CHARLOTTE – Ben Simmons was always going to be a transcendent player. His father, Dave, wouldn’t have had it any other way.
“As soon as I was on the court, my dad told me to be creative and do what you want at a young age,” said Simmons, the 76ers’ 6-foot-10 point guard. “And he told me to dribble as soon as I got a rebound. That was just always on my mind. I never thought about being a big guy and going to the post.”
His father’s instructions have paid off for Simmons and the Sixers.
On Sunday, in his 61st career game, the 21-year-old became the third fastest player in NBA history reach 1,000 points, 400 rebounds, and 400 assists. Only Hall of Famers Oscar Robertson (43 games) and Magic Johnson (58) did it in fewer games.
Simmons headed into Tuesday’s road game with the Charlotte Hornets with 1,008 points, 467 rebounds, and 458 assists. His style of play is different from the way his 6-foot-9 father played 13 seasons in the Australian National Basketball League. Dave Simmons was a traditional post player.
“Him being a professional, he knew I was going to be athletic and tall,” said Simmons, who wears No. 25 because it was his father’s number. “To give me the biggest advantage was to tell me to dribble and do things that guards would do because there wasn’t anybody else doing that in Australia.”
But Simmons was known as a point forward in high school and during his one season at LSU. He would grab defensive rebounds, start fastbreaks and rack up assists. He became a full-time point guard months after the Sixers picked him first overall in the 2016 draft. Coach Brett Brown decided that Simmons was better suited for that position while he missed the entire 2016-17 campaign with a broken foot.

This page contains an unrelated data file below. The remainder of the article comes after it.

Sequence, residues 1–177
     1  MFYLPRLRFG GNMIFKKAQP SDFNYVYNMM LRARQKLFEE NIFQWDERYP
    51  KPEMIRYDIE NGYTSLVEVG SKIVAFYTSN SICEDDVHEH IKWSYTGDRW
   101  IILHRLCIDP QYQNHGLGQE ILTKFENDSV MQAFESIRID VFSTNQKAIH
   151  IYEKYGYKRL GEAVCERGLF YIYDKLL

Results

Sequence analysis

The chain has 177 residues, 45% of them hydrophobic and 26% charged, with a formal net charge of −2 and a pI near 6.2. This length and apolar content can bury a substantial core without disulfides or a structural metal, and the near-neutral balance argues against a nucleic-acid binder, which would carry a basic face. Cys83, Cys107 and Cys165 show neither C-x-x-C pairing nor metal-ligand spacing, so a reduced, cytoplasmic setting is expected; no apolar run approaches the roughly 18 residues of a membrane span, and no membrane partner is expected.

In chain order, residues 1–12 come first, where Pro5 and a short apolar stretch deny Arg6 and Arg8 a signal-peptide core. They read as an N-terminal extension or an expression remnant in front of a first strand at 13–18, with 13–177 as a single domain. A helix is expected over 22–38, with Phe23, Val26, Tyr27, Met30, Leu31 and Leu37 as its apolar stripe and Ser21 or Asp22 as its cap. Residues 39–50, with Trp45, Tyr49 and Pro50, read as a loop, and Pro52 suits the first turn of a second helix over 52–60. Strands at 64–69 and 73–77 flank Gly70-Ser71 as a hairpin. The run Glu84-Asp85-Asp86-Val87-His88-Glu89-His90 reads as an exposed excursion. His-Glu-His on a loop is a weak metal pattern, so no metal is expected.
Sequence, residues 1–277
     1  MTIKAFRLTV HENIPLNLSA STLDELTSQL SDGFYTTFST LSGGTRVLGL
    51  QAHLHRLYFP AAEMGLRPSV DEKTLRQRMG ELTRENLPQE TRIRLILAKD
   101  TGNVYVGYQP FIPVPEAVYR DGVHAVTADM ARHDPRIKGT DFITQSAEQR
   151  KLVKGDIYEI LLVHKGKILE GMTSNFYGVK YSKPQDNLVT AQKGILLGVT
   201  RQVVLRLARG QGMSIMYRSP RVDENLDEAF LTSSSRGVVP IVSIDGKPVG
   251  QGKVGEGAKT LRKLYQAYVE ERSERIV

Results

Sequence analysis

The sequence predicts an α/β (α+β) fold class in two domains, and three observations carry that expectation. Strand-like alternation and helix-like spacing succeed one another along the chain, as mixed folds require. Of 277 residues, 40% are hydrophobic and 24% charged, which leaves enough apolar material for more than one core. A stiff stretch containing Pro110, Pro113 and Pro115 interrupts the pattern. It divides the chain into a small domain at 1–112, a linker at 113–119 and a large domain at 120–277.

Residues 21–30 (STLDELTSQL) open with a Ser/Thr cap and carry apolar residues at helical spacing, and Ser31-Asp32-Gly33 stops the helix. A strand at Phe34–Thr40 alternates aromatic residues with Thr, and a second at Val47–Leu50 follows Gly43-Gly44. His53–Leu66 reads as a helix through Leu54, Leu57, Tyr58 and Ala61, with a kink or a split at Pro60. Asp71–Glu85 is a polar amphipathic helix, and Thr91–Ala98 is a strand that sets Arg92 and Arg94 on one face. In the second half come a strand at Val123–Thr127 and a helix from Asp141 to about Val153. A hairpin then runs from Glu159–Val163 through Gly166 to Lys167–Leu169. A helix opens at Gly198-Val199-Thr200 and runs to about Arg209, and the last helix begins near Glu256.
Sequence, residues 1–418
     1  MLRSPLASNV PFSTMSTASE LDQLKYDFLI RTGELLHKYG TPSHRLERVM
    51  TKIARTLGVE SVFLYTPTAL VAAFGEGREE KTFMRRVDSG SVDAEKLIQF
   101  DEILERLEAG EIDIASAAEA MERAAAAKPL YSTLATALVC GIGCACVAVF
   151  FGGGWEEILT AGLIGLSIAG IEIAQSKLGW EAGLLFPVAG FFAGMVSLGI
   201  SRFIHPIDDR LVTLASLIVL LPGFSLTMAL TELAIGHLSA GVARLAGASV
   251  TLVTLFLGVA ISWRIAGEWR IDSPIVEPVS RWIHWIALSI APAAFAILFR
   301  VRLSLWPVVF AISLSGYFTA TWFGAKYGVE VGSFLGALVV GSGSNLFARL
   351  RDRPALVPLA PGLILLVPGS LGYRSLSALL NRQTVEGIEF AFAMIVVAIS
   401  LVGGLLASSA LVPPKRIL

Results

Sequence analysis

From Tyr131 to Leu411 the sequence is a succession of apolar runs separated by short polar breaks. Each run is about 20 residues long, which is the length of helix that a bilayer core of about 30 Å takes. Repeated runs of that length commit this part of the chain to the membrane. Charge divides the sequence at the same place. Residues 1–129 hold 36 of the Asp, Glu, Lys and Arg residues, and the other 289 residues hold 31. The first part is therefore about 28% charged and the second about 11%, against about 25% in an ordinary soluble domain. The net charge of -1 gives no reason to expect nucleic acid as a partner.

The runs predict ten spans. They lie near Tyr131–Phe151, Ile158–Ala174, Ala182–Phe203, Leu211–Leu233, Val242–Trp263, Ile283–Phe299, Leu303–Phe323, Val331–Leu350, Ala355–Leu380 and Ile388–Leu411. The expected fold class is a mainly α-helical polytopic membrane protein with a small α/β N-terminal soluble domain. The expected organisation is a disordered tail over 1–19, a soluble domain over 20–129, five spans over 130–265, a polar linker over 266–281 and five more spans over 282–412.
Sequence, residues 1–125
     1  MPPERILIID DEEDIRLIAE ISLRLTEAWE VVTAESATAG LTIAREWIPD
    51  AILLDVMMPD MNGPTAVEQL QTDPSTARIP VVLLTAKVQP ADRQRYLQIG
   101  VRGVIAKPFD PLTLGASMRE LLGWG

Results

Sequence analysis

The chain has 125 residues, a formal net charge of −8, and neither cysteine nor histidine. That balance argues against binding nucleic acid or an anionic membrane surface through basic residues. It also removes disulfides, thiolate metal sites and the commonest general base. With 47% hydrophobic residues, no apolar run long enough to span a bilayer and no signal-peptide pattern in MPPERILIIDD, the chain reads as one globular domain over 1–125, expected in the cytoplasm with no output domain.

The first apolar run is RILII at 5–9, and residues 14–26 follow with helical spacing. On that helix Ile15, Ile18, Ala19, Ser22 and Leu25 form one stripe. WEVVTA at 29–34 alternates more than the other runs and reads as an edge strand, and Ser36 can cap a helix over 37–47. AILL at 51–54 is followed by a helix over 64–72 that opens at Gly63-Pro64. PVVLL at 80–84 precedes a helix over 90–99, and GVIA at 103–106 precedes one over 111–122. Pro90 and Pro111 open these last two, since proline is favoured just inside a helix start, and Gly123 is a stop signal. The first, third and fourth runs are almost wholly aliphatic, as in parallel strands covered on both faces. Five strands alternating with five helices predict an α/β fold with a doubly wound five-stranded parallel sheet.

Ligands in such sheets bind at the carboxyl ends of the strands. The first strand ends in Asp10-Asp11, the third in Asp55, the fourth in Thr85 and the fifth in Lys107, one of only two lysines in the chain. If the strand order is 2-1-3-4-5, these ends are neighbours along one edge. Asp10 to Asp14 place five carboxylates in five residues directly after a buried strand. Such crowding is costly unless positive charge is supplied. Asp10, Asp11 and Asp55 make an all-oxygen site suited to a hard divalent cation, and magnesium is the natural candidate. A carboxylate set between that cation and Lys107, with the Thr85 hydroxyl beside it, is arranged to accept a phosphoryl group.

Thanks to his father’s coaching, that transition has been seamless.
“I watched Allen Iverson growing up and guys like that and Bron [LeBron James],” Simmons said. “So the way I play is just who I’ve watched.”
MCW could miss rest of season
Hornets backup point guard Michael Carter-Williams, the NBA Rookie of the Year as a Sixer in 2013-14, might require season-ending shoulder surgery. As a result, he did not participate in Tuesday’s matchup against his original team. He sprained his left shoulder in the first half of Sunday’s game against Toronto and played the second half with a shoulder brace. Rookie Malik Monk will assume backup point-guard duties in his absence.